Something Irresistible: Songs Landesman & Wallace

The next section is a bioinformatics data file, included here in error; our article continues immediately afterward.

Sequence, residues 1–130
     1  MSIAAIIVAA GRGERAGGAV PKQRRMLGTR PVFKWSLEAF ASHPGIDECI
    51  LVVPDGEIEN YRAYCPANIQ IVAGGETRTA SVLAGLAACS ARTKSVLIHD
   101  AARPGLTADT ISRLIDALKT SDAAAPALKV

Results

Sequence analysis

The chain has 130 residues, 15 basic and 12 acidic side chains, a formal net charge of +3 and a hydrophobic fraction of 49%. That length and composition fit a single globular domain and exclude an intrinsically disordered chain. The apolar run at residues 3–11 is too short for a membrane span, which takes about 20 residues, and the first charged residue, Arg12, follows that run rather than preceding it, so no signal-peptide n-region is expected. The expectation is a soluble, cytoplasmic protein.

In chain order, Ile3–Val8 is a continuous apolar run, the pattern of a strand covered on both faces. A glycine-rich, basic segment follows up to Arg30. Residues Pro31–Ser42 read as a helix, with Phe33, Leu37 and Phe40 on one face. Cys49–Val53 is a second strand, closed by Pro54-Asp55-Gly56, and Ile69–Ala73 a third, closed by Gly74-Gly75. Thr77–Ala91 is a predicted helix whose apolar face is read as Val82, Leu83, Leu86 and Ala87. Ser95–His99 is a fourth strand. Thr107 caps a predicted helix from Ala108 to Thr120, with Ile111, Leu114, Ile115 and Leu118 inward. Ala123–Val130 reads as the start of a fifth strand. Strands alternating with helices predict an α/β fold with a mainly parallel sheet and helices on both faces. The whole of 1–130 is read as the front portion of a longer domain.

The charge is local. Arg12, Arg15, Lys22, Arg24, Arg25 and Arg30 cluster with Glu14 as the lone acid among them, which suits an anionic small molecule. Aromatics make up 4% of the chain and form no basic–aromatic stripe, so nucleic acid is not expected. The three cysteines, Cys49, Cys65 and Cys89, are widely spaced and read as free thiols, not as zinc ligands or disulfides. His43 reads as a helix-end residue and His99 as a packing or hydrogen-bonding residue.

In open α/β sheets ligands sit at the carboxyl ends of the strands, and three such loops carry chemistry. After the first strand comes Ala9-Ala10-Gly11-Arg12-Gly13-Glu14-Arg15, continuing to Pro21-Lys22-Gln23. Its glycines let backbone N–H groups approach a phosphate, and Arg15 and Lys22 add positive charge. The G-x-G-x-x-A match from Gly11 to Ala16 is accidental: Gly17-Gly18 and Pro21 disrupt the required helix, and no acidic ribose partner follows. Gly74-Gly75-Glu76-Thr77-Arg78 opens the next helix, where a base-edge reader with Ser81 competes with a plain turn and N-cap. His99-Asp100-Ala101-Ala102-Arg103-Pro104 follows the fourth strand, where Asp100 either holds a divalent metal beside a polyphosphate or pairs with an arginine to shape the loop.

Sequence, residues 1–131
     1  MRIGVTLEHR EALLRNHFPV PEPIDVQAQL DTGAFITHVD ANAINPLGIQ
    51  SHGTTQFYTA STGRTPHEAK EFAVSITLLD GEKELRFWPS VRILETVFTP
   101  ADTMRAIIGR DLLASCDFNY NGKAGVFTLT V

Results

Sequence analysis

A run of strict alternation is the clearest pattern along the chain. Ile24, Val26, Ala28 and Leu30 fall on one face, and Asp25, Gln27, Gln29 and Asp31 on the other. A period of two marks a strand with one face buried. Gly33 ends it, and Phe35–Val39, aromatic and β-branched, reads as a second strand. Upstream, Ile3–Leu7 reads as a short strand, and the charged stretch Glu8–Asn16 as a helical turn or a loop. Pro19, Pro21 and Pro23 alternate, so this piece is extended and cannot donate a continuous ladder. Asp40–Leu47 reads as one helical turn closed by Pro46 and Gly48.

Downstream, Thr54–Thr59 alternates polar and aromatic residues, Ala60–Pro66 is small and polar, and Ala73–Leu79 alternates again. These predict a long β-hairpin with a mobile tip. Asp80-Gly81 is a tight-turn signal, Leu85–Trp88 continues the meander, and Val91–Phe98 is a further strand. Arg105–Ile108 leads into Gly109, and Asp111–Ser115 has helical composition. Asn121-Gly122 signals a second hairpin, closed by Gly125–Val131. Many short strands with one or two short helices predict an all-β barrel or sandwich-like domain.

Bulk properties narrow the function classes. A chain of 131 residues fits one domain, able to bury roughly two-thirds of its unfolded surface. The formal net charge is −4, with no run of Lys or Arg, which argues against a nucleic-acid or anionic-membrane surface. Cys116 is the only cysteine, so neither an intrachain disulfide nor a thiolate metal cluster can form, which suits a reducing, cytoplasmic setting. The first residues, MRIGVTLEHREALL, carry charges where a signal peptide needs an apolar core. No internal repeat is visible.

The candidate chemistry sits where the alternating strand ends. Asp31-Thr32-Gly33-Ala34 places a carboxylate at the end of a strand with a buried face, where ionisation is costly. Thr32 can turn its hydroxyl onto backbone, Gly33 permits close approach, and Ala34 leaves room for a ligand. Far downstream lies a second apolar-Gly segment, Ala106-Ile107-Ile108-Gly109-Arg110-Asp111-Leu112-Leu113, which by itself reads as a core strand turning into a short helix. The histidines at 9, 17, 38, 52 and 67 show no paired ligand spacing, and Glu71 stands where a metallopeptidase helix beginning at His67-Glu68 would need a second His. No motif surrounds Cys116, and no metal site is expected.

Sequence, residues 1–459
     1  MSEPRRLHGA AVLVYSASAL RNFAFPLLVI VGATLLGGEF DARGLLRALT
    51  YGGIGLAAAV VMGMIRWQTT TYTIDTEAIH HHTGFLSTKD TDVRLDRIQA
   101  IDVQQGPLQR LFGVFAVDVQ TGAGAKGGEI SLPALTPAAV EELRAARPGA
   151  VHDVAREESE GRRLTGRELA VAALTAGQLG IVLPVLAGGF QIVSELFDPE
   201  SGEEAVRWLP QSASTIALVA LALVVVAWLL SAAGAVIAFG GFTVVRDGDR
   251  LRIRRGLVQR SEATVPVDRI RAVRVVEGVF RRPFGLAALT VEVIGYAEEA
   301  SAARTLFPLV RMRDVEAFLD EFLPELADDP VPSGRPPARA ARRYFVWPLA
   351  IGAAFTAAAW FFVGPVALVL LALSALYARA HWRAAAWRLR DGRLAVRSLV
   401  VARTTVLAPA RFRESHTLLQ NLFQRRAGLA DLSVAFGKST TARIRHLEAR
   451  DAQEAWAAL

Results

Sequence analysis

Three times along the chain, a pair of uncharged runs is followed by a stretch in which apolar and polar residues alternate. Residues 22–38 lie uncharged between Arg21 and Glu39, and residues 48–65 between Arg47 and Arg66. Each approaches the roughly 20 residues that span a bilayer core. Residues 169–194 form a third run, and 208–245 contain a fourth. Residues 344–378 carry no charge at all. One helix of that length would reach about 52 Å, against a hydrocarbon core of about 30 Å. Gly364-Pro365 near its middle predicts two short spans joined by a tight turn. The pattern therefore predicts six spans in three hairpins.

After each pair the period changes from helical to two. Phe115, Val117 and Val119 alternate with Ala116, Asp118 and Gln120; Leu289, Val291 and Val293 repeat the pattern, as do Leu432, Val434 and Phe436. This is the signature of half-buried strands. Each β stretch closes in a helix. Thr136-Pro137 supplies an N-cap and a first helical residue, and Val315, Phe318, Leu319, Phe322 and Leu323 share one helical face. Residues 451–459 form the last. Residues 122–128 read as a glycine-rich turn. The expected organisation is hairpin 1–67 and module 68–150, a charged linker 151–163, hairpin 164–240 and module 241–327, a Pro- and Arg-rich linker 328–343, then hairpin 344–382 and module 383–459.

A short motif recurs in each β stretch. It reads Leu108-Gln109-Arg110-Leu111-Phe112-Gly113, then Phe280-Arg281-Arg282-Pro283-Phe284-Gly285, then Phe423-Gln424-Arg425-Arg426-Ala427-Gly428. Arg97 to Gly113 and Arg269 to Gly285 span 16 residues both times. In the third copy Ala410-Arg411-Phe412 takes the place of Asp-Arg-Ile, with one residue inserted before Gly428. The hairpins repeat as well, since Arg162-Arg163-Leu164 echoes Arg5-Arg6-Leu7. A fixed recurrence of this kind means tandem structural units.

"The excellent cabaret/jazz singer is foremost a sensitive interpreter of lyrics. A true conservator of the Great American Songbook, she's even added to the pool by championing the recent songs of legendary lyricist Fran Landesman." The Boston Globe Four stars/excellent. "...the result is this rather fine, exquisitely programmed 15-song collection, Something Irresistible: Songs of Fran Landesman + Simon Wallace. From the most heartfelt balladry ('Save the Photographs') to the breeziest of up-tempo songs ('In A New York Minute') to the sly humour of 'Hyde Side Blues' and 'Did We Have Any Fun?', these witty, urbane and touching songs exert a powerful hold. Metcalf's central triptych of 'Down', 'Scars' and the salutary caught-with-your-pants-down tale of 'Feet Do Your Stuff' ... is outstanding." Jazzwise (U.K.'s best-selling jazz magazine) "Boston jazz singer Metcalf does all jazz vocal fans a favor by digging up the trenchant songs of unjustly overlooked lyricist Landesman and her current musical collaborator, Wallace. Sly, ironic, witty, hip and humorous, Landesman's songs - little known beyond "Spring Can Really Hang You Up the Most" and "The Ballad of the Sad Young Men" - offer a trove of should-be standards that aren't worn out. And Metcalf makes the most of these treasures with her horn-like alto and swinging attack." The Boston Herald A few years ago, I was on the hunt for tunes that were beautiful, clever, and poignant, but somehow hadn't had their due. I figured if I liked one song by a lyricist or composer, chances are I'd like others. "Spring Can Really Hang You Up the Most" was one of these "starter" songs. Not recognizing the name of it's lyricist, Fran Landesman, I started digging around to see what else she had written. I soon learned that Fran has been on the scene since the 50's and that top jazz singers have recorded many of her songs. Along with "Spring," "Ballad of the Sad Young Men" had been a big hit. Her website gave a picture of her fascinating life in New York, St. Louis, and London (where she's lived since the mid 60's). I found more great songs (with charts) on her site, but also many lyrics with no music. I called music publishers and music stores and searched online, but there didn't seem to be any published songbooks of this recent work. Finally I found an email address for Simon Wallace, the highly respected British composer and pianist who began collaborating with Fran in 1994. "I love your songs with Fran Landesman! Where can I find charts?" I asked. Simon wrote me right back. He said that he and Fran had written more than 300 songs together, and, as it happens, he was just putting the final touches on their first songbook, containing thirty of their earliest collaborations. He was, he wrote, happy for a nudge to finish the project up. Not only that, in March he'd be performing at the Café Carlyle in Manhattan. We arranged to meet there, and when the time came, to New York I went. After the show we chatted over drinks at the Bemelman's Bar, and I came home with the first copy of the Fran Landesman/Simon Wallace songbook. Back in Cambridge, pianist/arranger Ron Roy and I sat down and played through the songs. We were thrilled beyond belief! Here were songs in the American Songbook style, but with a modern twist---funny, ironic, gorgeous, sexy, sometimes quite dark, and quite often about issues and topics other than love. We immediately began adding them to our repertoire, and then selected fifteen of our favorites for this album, released in March 2010. This is the first recording of the Landesman/Wallace songbook by U.S. musicians. Before we released the album, I made a trip to London to meet Fran. It was wonderful to meet her, and hear her talk about her songs and her life. Simon was there too, at the piano, and we did a lot of laughing and a lot of singing. Ron Roy and I have had the chance to share these great songs around the country. To date, we've presented our Landesman show five times at the Metropolitan Room (New York City), and at Scullers Jazz Club (Boston), the Rrazz Room (San Francisco), Davenport's (Chicago.), and at the Provincetown Cabaret Fest (Cape Cod, MA). In the spring of 2010 we'll head to St. Louis, where the Landesmans ran a cabaret club in the 50's and 60's. Discovering this treasure trove of tunes, and making this album, has been a marvelous musical journey. In one way, the journey is now over, for Fran died this summer, at the age of 83. So there will be no more new songs from her, but I will continue to champion this songbook from the last chapter of her life. Shepley Metcalf Cambridge, Mass. November 2011.